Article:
September 27th, 2013.
Giving Power to the People, on Being Scared.
Well, it’s time. Season finale is upon us. I expect some fighting, but not a lot. I actually expect Berg-Katze to just run/walk away – he’s not a fighter, though he seems one, he’s a manipulator. He’s a hope-destroyer.
1) So, a looter comes to your neighbourhood, someone gives you a gun, what do you do? You go and scare them off, shoot them if necessary. The police comes, you’re still only scaring the other side off, and the police tells you to let them handle the situation. What do you do? You’re already in a fight or flight situation, your blood is boiling and you’re in a mind-set predisposed to using violence as a solution, you’re also scared – people flinch and shy away from violence. So, you’re angry and scared, and you lash out at everyone, including the police. You also blame the police for forcing you into a situation where you’re forced to resort to violence, and you also fear them, so you lash out even more.
There are researches that show, should a person have a knife or a gun on them, they’re much more likely to choose violence as a way to resolve conflicts, much more likely to initiate and escalate violence.
1.5) Katze created the scare by loosing armed vandals at people, their property and their loved ones – then he gave the residents guns as well, and let them loose – which is what they blame the JDSF for – for not being loose cannons.
That the JDSF also turned to CROWDS was a really nice touch by the show – like the segments with the prime minister over the last two episodes showed us – everyone’s human. Everyone’s afraid, everyone feels put upon. Being human, being sociable, is hard – you have to trust the other side to not hurt you, and when you can’t trust them, and when you fear them, when you fear yourself, things fall apart. Relationships fall apart, communities fall apart, our “internalized humanity” (which is just our externalized relationships and the mores those external relations had passed on to us) fall apart.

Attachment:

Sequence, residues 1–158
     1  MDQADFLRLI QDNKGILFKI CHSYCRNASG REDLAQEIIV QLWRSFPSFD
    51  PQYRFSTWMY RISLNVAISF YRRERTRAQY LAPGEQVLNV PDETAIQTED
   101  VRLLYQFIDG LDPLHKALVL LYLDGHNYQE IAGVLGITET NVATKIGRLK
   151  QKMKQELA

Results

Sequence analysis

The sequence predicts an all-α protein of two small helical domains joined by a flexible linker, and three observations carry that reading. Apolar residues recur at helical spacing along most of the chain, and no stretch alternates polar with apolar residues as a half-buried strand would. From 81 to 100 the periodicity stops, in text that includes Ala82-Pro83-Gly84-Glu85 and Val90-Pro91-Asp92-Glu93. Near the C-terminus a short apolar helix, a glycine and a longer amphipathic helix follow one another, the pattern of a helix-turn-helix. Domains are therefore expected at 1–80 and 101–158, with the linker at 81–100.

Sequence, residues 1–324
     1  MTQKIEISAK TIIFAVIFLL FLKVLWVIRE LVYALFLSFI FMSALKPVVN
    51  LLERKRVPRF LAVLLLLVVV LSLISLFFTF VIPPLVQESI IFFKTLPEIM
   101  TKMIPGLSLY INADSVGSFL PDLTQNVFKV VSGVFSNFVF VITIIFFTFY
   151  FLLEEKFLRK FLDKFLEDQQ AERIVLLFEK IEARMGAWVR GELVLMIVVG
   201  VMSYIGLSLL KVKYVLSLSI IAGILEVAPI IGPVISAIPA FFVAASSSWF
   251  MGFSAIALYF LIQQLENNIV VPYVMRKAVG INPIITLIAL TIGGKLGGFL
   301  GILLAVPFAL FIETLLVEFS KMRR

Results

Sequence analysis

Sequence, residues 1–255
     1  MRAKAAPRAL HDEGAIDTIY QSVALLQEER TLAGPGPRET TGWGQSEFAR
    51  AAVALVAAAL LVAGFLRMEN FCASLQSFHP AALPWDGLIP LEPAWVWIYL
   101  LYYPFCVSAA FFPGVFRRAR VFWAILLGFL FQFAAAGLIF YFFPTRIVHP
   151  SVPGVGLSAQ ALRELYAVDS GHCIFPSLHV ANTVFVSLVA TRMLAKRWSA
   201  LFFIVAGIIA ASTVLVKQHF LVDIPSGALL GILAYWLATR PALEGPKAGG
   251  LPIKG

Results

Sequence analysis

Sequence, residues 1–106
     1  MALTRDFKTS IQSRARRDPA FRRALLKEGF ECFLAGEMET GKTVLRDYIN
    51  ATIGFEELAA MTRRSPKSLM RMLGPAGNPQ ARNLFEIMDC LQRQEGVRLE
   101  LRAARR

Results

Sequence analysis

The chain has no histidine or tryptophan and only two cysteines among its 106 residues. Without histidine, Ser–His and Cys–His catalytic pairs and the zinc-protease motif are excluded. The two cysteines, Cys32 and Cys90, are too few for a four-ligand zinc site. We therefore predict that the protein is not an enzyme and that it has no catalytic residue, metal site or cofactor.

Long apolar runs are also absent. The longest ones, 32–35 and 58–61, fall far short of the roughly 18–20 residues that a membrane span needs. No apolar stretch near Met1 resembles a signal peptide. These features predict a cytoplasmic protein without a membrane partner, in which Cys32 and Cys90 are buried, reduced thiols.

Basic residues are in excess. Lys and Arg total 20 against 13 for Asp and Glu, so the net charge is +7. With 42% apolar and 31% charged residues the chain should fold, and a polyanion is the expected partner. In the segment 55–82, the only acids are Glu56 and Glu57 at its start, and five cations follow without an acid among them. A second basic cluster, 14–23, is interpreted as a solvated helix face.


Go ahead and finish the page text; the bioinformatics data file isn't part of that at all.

2) Rui is at a loss – he’s used to doing everything alone, and he can’t do this alone. This being “Getting everyone to work together” – for you see, what Rui had wanted to do was foster individuality, but his method was to crowd-source, to have people rely on one another. What Rui really was after was initiative.
What Berg-Katze has done is tear asunder the ties between humans, the ties of trust – when you have no one to trust, you turn to yourself, but that also means you can’t work with, can’t listen to anyone else. This is exactly the situation Rui had put himself into for most of the show, so this is very fitting – he was Berg-Katze’s chosen human for a reason.